a good saturday

We’re staying at a lovely state park in Louisiana.

Two heavily-treed, tight little RV loops with a central dump at the back and free laundry near the middle. Yeah OK only one washer works, the campground showers (which I never use anyway) are cold and on those stupid push-timers, and the sites are tighter than I typically prefer, but the place has a real homey feel to it.

This is our third and last night here, we’re leaving early tomorrow morning. It’ll be a typical road Sunday: we’ll do church in the nearest town, then a shopping run, then head onto the next stop. Honestly, though, I’d happily stay here another several days – I really like the vibes in this place.

Last night I heard Keaton sniffling up in her bed. I asked if she was OK and she said yes that she just had a stuffy nose. About 15min later I found out she was lying when she said, slowly and tearfully, “Dad? … I really miss home right now,” and quit trying to hide the fact that she was crying.

Now, we’ve established that my daughter’s emotional reactions to/during this trip, both positive and negative, have a high impact on me.

I hear the homesickness and heartache in her voice and my own throat immediately tightens; I taste salt at the top and back of my mouth. I take a deep breath and do not respond right away. I carefully consider what I’m going to say. When I’m ready, I answer:

“I’m sorry babe. I miss home sometimes too. Do you want to come back here and we can be sad about it together a little?”

I don’t know if this will be effective, but it’s honest. There are things I miss about home, though I’m sure not as many as she. Maybe it’d be good for us to be open to that, commiserate, work through it by sharing a cry.

She doesn’t want to come back, though. She’s still sobbing and sniffling, the emotion sounding very pure the way real crying does; honest and raw. The sound continues to hurt my heart.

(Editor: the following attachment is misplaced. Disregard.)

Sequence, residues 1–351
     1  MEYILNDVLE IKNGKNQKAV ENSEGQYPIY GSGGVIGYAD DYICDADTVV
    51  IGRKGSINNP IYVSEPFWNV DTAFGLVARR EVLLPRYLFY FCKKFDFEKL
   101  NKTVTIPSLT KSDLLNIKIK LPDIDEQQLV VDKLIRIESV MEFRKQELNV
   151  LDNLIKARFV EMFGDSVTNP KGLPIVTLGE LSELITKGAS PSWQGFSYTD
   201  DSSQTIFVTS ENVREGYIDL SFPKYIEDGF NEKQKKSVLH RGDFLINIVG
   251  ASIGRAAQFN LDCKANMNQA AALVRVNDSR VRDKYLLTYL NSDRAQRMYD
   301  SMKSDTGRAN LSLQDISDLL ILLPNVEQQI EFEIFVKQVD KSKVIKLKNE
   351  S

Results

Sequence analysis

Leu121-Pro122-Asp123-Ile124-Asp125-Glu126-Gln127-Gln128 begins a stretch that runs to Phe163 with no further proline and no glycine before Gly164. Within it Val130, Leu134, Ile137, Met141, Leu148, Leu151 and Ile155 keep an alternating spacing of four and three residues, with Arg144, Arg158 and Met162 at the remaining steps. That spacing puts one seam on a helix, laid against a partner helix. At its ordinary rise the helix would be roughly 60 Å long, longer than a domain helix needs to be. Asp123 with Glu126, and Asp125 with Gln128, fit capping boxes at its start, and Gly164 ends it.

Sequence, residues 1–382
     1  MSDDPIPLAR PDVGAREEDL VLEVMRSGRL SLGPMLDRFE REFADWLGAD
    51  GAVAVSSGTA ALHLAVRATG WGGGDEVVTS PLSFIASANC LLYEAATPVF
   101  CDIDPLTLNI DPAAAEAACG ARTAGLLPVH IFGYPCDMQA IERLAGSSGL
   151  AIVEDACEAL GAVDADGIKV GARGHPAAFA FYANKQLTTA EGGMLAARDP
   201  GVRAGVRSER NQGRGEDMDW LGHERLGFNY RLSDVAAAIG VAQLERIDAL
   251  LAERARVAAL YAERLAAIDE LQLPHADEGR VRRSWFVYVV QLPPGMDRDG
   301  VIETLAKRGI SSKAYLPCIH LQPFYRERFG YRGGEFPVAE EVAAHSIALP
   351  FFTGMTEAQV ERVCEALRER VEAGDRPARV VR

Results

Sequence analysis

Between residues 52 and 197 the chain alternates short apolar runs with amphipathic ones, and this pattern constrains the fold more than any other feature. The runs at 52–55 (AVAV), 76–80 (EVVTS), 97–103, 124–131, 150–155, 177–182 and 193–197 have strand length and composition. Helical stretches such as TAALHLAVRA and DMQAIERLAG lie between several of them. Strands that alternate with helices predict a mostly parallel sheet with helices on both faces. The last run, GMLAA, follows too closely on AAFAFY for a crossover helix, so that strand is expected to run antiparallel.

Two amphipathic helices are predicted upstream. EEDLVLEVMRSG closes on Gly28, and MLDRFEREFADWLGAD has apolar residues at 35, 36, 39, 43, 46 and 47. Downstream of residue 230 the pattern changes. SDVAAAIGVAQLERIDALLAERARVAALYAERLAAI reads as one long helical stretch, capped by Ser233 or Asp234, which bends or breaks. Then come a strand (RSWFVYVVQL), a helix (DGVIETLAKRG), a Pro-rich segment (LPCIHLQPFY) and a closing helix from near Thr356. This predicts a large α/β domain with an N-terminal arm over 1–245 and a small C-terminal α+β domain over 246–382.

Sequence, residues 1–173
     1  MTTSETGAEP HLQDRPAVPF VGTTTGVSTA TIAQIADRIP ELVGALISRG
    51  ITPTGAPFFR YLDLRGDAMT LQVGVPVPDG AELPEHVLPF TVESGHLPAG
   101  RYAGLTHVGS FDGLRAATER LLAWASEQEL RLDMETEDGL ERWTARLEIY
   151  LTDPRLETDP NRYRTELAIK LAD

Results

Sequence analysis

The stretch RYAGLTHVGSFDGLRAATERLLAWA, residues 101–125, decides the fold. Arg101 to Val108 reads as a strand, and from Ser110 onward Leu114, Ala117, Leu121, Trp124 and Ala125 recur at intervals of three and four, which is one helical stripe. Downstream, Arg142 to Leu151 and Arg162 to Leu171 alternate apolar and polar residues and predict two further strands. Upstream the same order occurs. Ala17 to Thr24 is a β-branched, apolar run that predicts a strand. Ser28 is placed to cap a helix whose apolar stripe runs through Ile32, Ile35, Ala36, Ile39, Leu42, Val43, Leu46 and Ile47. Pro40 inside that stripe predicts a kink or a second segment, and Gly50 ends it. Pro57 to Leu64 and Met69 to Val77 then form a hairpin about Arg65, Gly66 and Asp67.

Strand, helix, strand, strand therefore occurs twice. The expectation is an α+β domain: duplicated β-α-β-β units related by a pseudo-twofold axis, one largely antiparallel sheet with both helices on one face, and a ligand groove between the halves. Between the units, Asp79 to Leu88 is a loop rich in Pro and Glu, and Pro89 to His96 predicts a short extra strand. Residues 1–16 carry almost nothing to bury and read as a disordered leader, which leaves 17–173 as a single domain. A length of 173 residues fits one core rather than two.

I take a few moments to think again. I say, “OK. Well, what do you miss most about home?”

I know this is maybe dumb, and may get her even more upset, but I’ve decided I’ve chosen “acknowledgement” as my theme here and I’m just going to run with it – let’s just be real here and discuss these feelings.

It works, she opens up. She misses her room the most. How cozy and “hers” it is. I’m glad for this, as it’s actually fairly relatable to me and easier to talk to than the “all my friends” answer I’ve heard before. I share that I sometimes miss our big bathroom, with the large shower that has infinite water and our own toilet.

She decides she wants to come back after all. She climbs into bed between Sharaun and I, she’s in her long fuzzy Christmas PJ pants and carrying her stuffed animal, a floppy shaggy dog named Waffles.

She’s just a kid, she’s homesick. I snuggle with her, thank God for her silently and remind myself that her feelings are completely reasonable.

At some point she tells me, “I know how much you love this trip and I feel bad that I miss home.” “No,” I say, and continue with something like, “You don’t need to feel bad, it’s fine to miss home. That doesn’t upset me at all. I just hope that we have enough good times together on the trip to offset the sad.”

We talk a little more and she stops crying. Eventually she realizes this bed ain’t made for three fully grown humans and goes back to her own.

I’m thankful for the way the whole interaction went, glad that I took time to just listen and permit what she was feeling, not try to reason with her or convince her out of her sadness.

Today she was fine, in a grand mood, actually. We had fun, laughed, enjoyed the homey little Louisiana state park as a family.

Sharaun did several loads of free laundry, I drove the RV over to dump the tanks, we took a walk along the river and watched the SEC championship and grilled hot dogs. I met a nice guy named Alan who shared a cigarette with me and reminded me why I don’t smoke.

Was a good day.

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